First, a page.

Inflammatory Airway Disease (IAD) is also described as mild to moderate Equine Asthma. IAD is a respiratory disease that typically affects young horses, as early as one year of age. Cough, poor performance and excess mucus within the airways on endoscopy is characteristic of IAD. This disease differs from other horse respiratory conditions like heaves, in that affected horses typically do not show increased respiratory efforts at rest. The exact cause is unknown, but is thought to be associated with inhalation of irritants such as barn dust and air pollution.
Horses with IAD are generally bright and alert, with good appetites and an otherwise healthy appearance. They may display the following respiratory abnormalities:
Your veterinarian will begin with a thorough physical examination and history. Diagnostic tests are required to differentiate IAD from other diseases such as heaves, bacterial infections, viruses and sometimes parasitic infections that can have similar symptoms. One common test is to pass an endoscope in the airways after exercise to see if excess mucus if present. Another helpful test is to perform a lung wash (bronchoalveolar lavage or BAL), which examines different types of cells lining the airways deep in the lungs. Alternatively, mucus and cells may be collected from the trachea (tracheal wash). These tests will help your veterinarian rule out infections and distinguish between possible causes. Sometimes, more advanced testing can be performed to rule out other causes of decreased performance and confirm IAD. Often these tests can only be performed at specific referral centers.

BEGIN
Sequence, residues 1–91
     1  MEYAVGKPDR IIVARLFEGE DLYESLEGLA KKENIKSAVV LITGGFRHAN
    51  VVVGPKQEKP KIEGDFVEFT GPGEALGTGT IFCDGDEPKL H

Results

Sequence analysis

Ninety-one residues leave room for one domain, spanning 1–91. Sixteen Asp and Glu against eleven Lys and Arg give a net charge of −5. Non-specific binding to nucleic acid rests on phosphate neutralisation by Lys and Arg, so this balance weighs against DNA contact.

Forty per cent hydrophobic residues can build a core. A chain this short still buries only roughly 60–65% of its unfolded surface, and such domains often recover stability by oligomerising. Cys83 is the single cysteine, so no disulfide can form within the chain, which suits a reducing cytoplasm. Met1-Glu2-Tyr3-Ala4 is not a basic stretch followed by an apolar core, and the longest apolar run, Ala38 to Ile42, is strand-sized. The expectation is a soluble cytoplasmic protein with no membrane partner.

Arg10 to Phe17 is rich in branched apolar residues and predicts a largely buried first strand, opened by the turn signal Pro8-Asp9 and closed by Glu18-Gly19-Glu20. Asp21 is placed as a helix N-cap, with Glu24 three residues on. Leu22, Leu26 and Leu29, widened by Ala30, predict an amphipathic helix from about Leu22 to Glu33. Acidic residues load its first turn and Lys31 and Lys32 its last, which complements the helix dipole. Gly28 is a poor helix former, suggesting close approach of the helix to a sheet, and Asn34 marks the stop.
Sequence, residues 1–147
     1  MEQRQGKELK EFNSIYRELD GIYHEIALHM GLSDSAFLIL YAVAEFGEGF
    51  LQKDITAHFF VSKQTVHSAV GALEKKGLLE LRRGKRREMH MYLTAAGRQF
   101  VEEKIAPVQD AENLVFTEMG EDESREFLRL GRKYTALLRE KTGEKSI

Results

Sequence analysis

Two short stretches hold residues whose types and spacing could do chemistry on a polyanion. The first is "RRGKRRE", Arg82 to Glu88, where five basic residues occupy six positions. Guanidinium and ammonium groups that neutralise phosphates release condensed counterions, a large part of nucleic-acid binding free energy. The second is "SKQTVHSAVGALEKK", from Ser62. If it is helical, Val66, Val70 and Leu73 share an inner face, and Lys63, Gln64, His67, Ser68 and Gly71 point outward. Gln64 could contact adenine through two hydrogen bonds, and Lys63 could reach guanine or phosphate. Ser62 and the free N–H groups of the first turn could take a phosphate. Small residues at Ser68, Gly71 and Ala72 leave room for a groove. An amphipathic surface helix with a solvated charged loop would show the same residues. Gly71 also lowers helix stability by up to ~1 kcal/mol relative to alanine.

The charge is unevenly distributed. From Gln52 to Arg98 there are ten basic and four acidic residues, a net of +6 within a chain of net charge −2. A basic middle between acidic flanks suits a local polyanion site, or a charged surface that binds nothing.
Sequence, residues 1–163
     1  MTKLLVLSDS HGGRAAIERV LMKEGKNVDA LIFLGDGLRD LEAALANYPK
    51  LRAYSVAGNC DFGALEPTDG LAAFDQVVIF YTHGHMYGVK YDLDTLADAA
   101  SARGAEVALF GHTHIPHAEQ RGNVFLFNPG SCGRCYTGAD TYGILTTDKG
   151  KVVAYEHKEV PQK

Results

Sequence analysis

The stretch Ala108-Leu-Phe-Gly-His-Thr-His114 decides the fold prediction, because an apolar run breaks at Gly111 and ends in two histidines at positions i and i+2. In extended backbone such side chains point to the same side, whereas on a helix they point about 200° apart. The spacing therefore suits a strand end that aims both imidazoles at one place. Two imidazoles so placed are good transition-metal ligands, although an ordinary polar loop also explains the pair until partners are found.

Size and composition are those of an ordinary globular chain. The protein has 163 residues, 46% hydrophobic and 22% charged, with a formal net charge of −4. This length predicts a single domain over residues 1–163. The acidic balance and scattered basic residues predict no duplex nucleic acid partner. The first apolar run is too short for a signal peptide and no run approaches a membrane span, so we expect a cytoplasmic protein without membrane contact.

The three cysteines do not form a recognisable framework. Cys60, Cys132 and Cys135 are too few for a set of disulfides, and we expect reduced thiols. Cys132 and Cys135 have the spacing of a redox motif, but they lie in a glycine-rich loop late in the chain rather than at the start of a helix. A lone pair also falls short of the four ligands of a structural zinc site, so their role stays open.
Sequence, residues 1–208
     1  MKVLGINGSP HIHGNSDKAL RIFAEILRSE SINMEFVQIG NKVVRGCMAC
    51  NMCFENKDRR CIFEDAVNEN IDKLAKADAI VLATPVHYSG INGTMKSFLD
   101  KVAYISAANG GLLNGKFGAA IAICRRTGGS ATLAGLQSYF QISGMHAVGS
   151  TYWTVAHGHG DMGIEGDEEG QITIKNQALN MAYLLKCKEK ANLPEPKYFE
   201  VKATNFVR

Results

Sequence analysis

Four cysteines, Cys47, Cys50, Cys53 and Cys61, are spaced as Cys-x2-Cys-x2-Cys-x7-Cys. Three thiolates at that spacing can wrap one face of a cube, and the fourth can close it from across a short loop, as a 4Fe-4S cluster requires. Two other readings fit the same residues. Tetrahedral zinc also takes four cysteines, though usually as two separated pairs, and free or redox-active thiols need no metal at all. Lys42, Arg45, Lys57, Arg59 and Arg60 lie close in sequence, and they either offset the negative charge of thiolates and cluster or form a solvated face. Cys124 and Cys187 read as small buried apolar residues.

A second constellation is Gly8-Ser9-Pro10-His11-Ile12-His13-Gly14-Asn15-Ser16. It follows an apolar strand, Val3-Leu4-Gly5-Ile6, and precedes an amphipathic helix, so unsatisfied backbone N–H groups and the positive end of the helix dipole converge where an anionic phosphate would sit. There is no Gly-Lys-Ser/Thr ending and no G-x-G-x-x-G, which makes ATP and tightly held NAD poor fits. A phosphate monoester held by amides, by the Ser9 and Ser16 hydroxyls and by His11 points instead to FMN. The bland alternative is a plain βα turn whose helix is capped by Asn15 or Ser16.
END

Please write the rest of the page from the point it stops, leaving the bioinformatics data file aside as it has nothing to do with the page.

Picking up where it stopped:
The approach to IAD treatment is three fold:
Decrease exposure to irritants horses are exposed to in the environment (e.g. hay dust, barn and arena dust)
Treat airway inflammation
Expand the airways that are abnormally constricting
The most important factor in improving your horses’ health is to decrease environmental irritants especially hay dust. Completely removing hay from the diet can help accomplish this goal. Horses manage well on pelleted complete feeds or soaked hay cubes. These feeds provide sufficient fiber levels in a horses’ diet such that they can be maintained without any supplemental forage. Alternatively, feeding steamed hay or haylage reduces exposure to dust and helps reduce airway irritation. Other dust reducing techniques include changes in housing, ventilation, bedding and lifestyle. Horses with IAD manage better on paper or wood shavings bedding versus straw or hay. An IAD horse would benefit from being out on pasture regularly, with 24 hour turnout being ideal. This may be impractical, however, as many IAD horses are in active training. If it is impractical to house a horse on pasture, the following changes can be made to help reduce dust exposure:
Corticosteroids are the most frequently used anti-inflammatories for the treatment of IAD. These drugs can be given orally (prednisolone), injected (dexamethasone, triamcinolone acetonide) or inhaled by your horse (beclomethasone, fluticasone or budesonide). Several commercially available equine inhalers exist. Another therapy that recently showed promise is supplementation of feed with omega-3 fatty-acids.
The drugs typically used to expand airways are called bronchodilators and can be given orally (clenbuterol hydrochloride) or by inhalation (albuterol, ipratropium bromide).
The prognosis for full recovery is good with most horses with IAD responding well to management changes aimed at decreasing exposure to irritants, but signs of improvement may take one to two months. Treatment with anti-inflammatories and bronchodilators will speed recovery. If environmental changes are maintained, horses usually will return to their previous level of performance and relapses are uncommon.